SCP Tech Brief: Cold Weather Concrete

Portland cement concrete relies on chemical reactions between cementitious materials and water, known collectively as hydration, to harden and develop strength. Like most chemical reactions, the rate of early-age hydration is significantly temperature-dependent. Generally, as concrete temperature rises, the time for hydration to occur shortens and vice-versa. The American Concrete Institute produces two key documents that discuss concrete operations in cold weather: ACI 306.1-90 Standard Specification for Cold Weather Concreting and ACI 306R-16 Guide to Cold Weather Concreting. The information provided in both the specification and guide should be considered any time concrete will be placed during cold weather, defined by the Guide as "...when the air temperature has fallen to, or is expected to fall below, 40° F (4° C) during the protection period." For most concrete mixes, this protection period lasts until the concrete has achieved at least 500 psi.1

Generally, protective measures include providing sufficient concrete temperatures as mixed, not placing concrete on frozen base material or subgrade, and not allowing concrete to freeze before reaching 500 psi, generally at least 48 hours from time of placement. Heated aggregates and/or hot mixing water are often used by ready mixed concrete companies to achieve required minimum as-delivered concrete temperatures. Heated enclosures and curing blankets are often used to maintain concrete above freezing temperatures in the field once placed. Care should always be taken to vent the exhaust of hydrocarbon-burning heaters outdoors if they are used due to the risk of death of workers and carbonation of the concrete surface.

The damage from early-age freezing of concrete is often readily identifiable upon visual inspection due to the formation of ice "lenses" in the concrete surface. Concrete that has frozen during its early age (during the protection period) often will never achieve required compressive strength or durability characteristics. Concrete hydration is an exothermic reaction. However, the rate at which the heat is lost to the atmosphere can overcome concrete's ability to replenish the heat in the absence of insulating materials. ACI 306R gives recommendations on minimum temperatures to resist damage from early-age freezing based on cement content, concrete member thickness, and insulation R-value employed.

One obvious result of cold weather is that concrete takes longer to reach initial set. Generally, chemical reactions double in time required for every 10 degrees C variation. So, for concrete without accelerator and with normally encountered cementitious contents that sets in 6 hours at 70 °F (21°C) the following is a general guide for what to expect:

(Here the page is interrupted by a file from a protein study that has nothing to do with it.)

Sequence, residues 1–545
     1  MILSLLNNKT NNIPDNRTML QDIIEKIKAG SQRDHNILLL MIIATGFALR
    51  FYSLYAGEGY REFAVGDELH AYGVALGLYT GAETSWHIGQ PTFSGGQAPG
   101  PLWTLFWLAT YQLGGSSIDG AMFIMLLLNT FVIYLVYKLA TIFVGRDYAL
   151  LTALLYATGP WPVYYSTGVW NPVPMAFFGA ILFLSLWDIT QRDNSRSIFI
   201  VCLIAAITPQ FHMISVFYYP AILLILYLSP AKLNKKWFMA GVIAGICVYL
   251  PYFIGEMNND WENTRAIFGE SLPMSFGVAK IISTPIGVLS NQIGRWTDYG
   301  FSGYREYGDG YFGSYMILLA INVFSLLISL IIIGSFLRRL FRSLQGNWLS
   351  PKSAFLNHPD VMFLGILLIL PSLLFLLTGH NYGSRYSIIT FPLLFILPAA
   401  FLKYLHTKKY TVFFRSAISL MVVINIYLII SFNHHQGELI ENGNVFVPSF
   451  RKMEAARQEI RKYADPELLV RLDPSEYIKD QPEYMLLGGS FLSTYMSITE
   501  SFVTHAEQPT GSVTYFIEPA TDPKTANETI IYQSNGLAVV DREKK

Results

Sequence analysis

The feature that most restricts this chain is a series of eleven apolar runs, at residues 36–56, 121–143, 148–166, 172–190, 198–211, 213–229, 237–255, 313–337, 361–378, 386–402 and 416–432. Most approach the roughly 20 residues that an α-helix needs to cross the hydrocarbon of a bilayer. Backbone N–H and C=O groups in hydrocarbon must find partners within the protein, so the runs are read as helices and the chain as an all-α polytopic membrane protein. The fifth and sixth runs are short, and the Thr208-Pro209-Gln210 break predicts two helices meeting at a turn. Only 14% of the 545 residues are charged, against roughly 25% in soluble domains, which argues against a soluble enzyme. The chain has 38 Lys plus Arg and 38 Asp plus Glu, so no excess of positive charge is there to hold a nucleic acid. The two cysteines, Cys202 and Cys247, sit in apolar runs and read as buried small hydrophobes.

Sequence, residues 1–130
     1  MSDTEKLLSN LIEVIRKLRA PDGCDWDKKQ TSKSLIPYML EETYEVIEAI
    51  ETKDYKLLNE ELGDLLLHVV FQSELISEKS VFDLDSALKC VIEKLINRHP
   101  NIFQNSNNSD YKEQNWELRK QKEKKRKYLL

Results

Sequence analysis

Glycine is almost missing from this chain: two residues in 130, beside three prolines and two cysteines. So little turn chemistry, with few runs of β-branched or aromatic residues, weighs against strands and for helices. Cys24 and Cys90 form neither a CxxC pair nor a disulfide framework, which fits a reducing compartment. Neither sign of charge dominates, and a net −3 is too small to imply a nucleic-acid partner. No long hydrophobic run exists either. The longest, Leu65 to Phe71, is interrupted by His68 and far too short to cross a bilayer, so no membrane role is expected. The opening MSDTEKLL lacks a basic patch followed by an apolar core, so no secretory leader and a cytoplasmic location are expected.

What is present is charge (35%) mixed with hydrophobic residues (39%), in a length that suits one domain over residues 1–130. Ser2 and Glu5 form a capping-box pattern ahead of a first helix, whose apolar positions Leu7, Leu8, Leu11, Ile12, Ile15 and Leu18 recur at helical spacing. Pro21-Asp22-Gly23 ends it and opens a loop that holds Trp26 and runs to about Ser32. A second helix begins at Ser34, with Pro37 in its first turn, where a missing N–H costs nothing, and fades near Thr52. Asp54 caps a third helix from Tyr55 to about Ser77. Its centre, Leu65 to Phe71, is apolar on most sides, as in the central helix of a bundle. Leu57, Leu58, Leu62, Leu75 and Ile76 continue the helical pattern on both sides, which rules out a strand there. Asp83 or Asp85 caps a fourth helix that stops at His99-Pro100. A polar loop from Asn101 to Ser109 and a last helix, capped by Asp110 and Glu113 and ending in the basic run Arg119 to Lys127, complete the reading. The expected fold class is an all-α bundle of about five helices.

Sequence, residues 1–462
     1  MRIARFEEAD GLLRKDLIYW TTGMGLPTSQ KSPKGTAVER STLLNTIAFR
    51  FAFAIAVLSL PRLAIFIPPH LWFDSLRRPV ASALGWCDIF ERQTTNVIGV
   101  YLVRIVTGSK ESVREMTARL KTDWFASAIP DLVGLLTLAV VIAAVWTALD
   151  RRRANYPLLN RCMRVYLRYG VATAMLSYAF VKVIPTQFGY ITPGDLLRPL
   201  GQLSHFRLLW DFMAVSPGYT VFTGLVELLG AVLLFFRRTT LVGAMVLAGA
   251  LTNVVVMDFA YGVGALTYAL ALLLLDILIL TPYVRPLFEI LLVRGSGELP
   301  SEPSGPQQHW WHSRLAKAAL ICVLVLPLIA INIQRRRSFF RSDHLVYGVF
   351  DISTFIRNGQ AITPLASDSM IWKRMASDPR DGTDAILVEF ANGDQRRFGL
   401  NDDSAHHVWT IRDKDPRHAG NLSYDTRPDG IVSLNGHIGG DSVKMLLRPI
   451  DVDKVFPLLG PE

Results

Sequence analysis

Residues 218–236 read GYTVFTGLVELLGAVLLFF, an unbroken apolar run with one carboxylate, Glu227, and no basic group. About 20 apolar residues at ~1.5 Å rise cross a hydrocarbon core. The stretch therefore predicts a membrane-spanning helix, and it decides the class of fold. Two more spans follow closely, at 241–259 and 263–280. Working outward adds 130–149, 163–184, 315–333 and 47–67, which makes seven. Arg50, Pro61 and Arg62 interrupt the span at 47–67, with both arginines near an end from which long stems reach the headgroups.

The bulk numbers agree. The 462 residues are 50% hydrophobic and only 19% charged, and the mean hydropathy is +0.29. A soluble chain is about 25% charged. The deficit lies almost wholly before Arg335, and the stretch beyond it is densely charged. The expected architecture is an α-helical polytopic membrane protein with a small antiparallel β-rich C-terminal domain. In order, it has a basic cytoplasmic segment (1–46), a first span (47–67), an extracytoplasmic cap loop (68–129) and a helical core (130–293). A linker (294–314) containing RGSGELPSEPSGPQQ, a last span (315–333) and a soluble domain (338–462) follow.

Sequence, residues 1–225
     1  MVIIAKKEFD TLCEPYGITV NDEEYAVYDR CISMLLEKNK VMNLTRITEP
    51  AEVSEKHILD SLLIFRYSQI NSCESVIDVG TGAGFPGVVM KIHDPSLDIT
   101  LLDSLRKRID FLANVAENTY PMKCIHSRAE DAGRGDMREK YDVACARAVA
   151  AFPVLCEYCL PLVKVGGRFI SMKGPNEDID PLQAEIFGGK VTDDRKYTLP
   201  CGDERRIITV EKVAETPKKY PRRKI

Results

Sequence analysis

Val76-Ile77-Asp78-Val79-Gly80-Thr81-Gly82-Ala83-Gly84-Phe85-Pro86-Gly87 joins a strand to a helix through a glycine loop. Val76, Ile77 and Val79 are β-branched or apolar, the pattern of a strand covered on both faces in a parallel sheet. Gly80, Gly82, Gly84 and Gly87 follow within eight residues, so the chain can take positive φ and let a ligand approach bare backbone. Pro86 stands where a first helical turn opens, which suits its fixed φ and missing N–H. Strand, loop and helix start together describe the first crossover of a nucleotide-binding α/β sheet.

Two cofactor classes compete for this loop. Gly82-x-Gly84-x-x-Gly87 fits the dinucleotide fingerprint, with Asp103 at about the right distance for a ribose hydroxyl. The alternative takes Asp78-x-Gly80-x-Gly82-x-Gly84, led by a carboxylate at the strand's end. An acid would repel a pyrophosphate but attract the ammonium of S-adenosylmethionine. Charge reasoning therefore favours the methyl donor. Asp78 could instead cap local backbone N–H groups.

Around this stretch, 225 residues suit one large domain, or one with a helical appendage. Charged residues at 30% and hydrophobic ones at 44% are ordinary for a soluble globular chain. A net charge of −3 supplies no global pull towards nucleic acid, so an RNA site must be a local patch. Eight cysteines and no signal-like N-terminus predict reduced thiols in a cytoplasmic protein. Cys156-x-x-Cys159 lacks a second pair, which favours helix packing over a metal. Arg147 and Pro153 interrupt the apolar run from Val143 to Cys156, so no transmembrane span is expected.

Concrete Temp in °F (°C) Estimated Time to Initial Set (Hours)
50 (10)*11
60 (15.6)8
70 (21.1)6
80 (26.7)4
90 (32.2)2 2/3
100 (37.8)1 2/3
(*) Concrete below 50°F (10°C) may have extended set times beyond what is expected.

Cold Weather and Spray-Lock Concrete Protection Products
Various techniques are used by concrete companies to offset the effects of low concrete temperature, including heating aggregates, heating water, and the use of chemical accelerators. Spray-Lock Concrete Protection (SCP) products should be kept from freezing during storage and should not be applied to concrete with temperatures less than 40° F (4.4° C). When chemical accelerators are used in the concrete, care should be taken when using SCP products due to early setting of the product on the surface after application. If this occurs, delay SCP product application until the product penetrates without reacting on the surface. Otherwise, SCP products can be expected to perform normally as long as cold weather concreting procedures are in place.

Quality concrete construction is achievable in cold weather, but takes careful preparation, planning, and execution. Generally, producers and contractors that operate in cold weather often are accustomed to the requirements of cold weather construction. Problems typically occur more often in warmer regions that rarely have cold weather for extended periods where cold weather concreting procedures are rarely used.

[1] ACI 306R-16 Guide to Cold Weather Concreting. American Concrete Institute, Farmington Hills, MI.